Donepezil, Galantamine, Rivastigmine and Memantine for the Treatment of Alzheimer's Disease (TA217)

Technology Appraisal Guidance No. 217

Source: National Institute for Health and Care Excellence

Note: This guidance replaces NICE technology appraisal guidance 111 issued in November 2006 (amended September 2007, August 2009).

The review and re-appraisal of donepezil, galantamine, rivastigmine and memantine for the treatment of Alzheimer’s disease has resulted in a change in the guidance. Specifically:

  • donepezil, galantamine and rivastigmine are now recommended as options for managing mild as well as moderate Alzheimer’s disease, and
  • memantine is now recommended as an option for managing moderate Alzheimer’s disease for people who cannot take AChE inhibitors, and as an option for managing severe Alzheimer’s disease.

1. Guidance

1.1 The three acetylcholinesterase (AChE) inhibitors donepezil, galantamine and rivastigmine are recommended as options for managing mild to moderate Alzheimer’s disease under all of the conditions specified in 1.3 and 1.4.

1.2 Memantine is recommended as an option for managing Alzheimer’s disease for people with:

  • moderate Alzheimer’s disease who are intolerant of or have a contraindication to AChE inhibitors or
  • severe Alzheimer’s disease.

Treatment should be under the conditions specified in 1.3.

1.3 Treatment should be under the following conditions:

  • This recommendation has been updated and replaced by recommendation 1.6.2.3 in the NICE guideline on dementia.
  • Treatment should be continued only when it is considered to be having a worthwhile effect on cognitive, global, functional or behavioural symptoms.
  • This recommendation has been updated and replaced by recommendation 1.6.2.3 in the NICE guideline on dementia.

1.4 If prescribing an AChE inhibitor (donepezil, galantamine or rivastigmine), treatment should normally be started with the drug with the lowest acquisition cost (taking into account required daily dose and the price per dose once shared care has started). However, an alternative AChE inhibitor could be prescribed if it is considered appropriate when taking into account adverse event profile, expectations about adherence, medical comorbidity, possibility of drug interactions and dosing profiles.

1.5 When using assessment scales to determine the severity of Alzheimer’s disease, healthcare professionals should take into account any physical, sensory or learning disabilities, or communication difficulties that could affect the results and make any adjustments they consider appropriate. Healthcare professionals should also be mindful of the need to secure equality of access to treatment for patients from different ethnic groups, in particular those from different cultural backgrounds.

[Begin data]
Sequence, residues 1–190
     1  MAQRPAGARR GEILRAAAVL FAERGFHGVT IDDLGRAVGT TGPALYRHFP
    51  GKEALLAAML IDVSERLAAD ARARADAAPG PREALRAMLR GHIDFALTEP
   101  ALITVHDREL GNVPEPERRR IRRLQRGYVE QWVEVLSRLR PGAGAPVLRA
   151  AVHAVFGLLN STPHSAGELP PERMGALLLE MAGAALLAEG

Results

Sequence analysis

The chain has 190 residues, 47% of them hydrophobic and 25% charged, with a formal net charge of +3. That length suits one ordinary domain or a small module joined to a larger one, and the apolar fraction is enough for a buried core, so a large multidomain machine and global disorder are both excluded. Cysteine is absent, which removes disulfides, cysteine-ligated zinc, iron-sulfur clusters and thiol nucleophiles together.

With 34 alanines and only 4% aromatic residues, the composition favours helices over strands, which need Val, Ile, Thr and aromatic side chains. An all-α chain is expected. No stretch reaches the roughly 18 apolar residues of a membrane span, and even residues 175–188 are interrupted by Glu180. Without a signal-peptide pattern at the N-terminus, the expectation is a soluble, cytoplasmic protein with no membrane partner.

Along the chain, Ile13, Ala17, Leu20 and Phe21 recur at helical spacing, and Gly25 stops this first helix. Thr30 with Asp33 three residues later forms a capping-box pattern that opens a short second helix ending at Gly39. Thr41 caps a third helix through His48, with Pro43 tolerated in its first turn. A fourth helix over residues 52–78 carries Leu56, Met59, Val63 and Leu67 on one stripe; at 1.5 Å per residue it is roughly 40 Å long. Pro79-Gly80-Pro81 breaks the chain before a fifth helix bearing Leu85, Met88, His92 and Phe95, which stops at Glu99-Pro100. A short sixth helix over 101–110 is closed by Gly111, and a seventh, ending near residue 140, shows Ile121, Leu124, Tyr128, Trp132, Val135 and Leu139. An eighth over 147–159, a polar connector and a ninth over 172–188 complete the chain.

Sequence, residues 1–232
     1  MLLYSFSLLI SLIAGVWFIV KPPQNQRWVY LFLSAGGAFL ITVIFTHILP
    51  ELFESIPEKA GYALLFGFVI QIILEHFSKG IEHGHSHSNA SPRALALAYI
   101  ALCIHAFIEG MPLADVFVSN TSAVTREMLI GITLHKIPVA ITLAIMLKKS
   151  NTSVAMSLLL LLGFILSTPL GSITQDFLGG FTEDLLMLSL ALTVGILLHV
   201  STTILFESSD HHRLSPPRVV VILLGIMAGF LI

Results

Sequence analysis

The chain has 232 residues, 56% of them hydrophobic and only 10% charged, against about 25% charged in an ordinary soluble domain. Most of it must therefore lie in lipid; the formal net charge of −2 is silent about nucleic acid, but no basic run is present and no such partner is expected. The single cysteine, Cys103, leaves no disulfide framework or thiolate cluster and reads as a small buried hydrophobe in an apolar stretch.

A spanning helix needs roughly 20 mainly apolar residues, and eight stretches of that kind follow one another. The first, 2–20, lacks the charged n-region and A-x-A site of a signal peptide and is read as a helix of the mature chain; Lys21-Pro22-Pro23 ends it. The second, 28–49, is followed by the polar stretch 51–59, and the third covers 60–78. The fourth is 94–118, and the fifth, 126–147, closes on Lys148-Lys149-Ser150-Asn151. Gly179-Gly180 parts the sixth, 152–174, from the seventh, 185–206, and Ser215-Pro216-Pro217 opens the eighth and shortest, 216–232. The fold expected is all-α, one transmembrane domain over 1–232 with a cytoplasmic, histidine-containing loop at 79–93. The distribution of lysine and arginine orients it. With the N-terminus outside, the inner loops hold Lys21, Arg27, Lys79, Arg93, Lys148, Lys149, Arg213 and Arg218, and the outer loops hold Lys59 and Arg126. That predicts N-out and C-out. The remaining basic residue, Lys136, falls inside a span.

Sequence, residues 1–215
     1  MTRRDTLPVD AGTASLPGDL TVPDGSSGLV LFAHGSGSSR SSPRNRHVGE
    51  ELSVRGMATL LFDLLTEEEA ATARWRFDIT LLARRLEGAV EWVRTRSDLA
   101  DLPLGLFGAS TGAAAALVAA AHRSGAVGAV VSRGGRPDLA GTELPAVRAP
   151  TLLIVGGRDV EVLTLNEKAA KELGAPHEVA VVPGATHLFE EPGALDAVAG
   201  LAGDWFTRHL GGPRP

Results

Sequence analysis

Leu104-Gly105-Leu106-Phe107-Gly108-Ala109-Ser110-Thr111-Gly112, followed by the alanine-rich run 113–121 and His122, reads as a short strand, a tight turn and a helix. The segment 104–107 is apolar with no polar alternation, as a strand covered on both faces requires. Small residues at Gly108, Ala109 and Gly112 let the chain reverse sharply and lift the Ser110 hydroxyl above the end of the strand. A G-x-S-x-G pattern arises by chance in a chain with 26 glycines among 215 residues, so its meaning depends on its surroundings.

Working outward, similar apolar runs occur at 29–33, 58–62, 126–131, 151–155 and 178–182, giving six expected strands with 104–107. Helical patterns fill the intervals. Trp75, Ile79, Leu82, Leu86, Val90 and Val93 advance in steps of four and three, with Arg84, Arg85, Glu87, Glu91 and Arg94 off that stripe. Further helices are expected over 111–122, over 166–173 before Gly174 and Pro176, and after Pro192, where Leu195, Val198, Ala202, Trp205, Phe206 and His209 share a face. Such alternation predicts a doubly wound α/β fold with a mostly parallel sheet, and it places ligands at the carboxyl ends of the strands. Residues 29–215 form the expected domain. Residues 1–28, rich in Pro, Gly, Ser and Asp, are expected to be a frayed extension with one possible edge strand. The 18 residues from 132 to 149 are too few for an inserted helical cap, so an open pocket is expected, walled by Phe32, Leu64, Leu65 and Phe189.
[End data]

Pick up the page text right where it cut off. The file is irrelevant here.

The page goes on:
1.6 When assessing the severity of Alzheimer’s disease and the need for treatment, healthcare professionals should not rely solely on cognition scores in circumstances in which it would be inappropriate to do so. These include:

  • if the cognition score is not, or is not by itself, a clinically appropriate tool for assessing the severity of that patient’s dementia because of the patient’s learning difficulties or other disabilities (for example, sensory impairments), linguistic or other communication difficulties or level of education or
  • if it is not possible to apply the tool in a language in which the patient is sufficiently fluent for it to be appropriate for assessing the severity of dementia or
  • if there are other similar reasons why using a cognition score, or the score alone, would be inappropriate for assessing the severity of dementia.

In such cases healthcare professionals should determine the need for initiation or continuation of treatment by using another appropriate method of assessment.


The guidance shown above constitutes Section 1 of the full document. A copy of the full document and a summary of the evidence is available on the Internet at http://guidance.nice.org.uk/TA217

This guidance represents the view of the Institute which was arrived at after careful consideration of the available evidence. Health professionals are expected to fully take it into account when exercising their clinical judgement. This guidance does not, however, override the individual responsibility of health professionals to make appropriate decisions in the circumstances of the individual patient, in consultation with the patient and/or guardian or carer.

© Copyright National Institute for Health and Care Excellence. All rights reserved. This material may be freely reproduced for educational and not for profit purposes within the NHS. No reproduction by or for commercial organisations is permitted without the express written permission of the Institute.

Enquiries concerning the guidance should be addressed to: National Institute for Health and Care Excellence, MidCity Place, 71 High Holborn, London WC1V 6NA. email: nice@nice.org.uk

Donepezil, Galantamine, Rivastigmine and Memantine for the Treatment of Alzheimer's Disease
Issue Date: March 2011 (updated May 2016)


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